Animal shelters in the city of Berkeley are distributing essential goods to pet owners in response to the COVID-19 pandemic.
Berkeley Humane, a nonprofit animal shelter, has provided pet owners with more than 8,000 pounds of dog and cat food since the start of Alameda County’s shelter-in-place order, according to Berkeley Humane spokesperson Morgan Pulleyblank. She added that the organization’s Pet Food Pantry program has seen a large increase in the number of requests for dog and cat food.
“We know that when people have to choose between feeding themselves and feeding their pets, many people will go hungry to make sure their pet is fed,” Pulleyblank said in an email. “We believe that nobody should have to make this choice.”
Even though many shelters have continued to foster and adopt out animals, COVID-19 has created significant challenges for shelters, which typically rely on volunteers, community efforts and donations to operate, according to Berkeley Organization for Animal Advocacy spokesperson Suzannah Smith. Pulleyblank added that community support would be vital to compensate for the loss of in-person events that typically make up Berkeley Humane’s annual budget.
While some shelters are able to remain open, many have been forced to shut down temporarily, according to Kitty Jones, community organizer for Direct Action Everywhere. Jones, who also volunteers at the Berkeley Animal Rights Center and Jelly’s Place animal shelter, added that many organizations that rely on community outreach have faced challenges and closed as a result of shelter-in-place orders.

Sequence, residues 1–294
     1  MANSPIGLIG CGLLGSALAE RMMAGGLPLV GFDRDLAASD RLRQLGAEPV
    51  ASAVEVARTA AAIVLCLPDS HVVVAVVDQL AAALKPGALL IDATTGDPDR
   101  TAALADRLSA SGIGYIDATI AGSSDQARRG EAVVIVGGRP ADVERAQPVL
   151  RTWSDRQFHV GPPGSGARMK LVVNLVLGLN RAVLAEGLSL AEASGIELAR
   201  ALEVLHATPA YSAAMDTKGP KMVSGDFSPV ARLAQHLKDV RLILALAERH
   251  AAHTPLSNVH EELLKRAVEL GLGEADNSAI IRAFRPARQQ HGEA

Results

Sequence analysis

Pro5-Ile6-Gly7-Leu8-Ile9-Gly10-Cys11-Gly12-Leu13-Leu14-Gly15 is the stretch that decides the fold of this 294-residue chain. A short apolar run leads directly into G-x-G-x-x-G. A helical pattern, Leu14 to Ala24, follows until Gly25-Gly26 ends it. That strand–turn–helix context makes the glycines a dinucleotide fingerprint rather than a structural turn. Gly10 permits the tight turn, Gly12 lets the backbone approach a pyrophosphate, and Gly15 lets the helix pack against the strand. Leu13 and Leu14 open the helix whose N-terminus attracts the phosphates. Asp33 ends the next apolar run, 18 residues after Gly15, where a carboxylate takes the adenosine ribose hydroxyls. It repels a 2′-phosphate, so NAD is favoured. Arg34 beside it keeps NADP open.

“I think a lot of people want to volunteer, but there’s not a lot that they can do since most shelters are completely closed to the public,” Jones said. “Even with no volunteers, shelters have to pay for rent, cat and dog food, medicine and so many other resources. That’s difficult when many shelters are struggling financially.”
Despite these challenges, shelters in Berkeley and across the country are experiencing an increase in adoption and fostering cases, according to Smith. Pulleyblank also said Berkeley Humane has seen an increased interest in adopting and fostering animals over the past month.
One possible reason for this increase is that people now have much more time on their hands, and fostering animals would provide companionship for those currently working from home, according to Jones. Pulleyblank added that fostering is an ideal way for individuals who expect to resume working soon to help shelters.
“Last month, there were over 20 large dogs, and I think people saw an opportunity to help others in need,” Jones said. “People reached out and started fostering and adopting since they finally had time, and it seems like it’s been a trend across Berkeley.”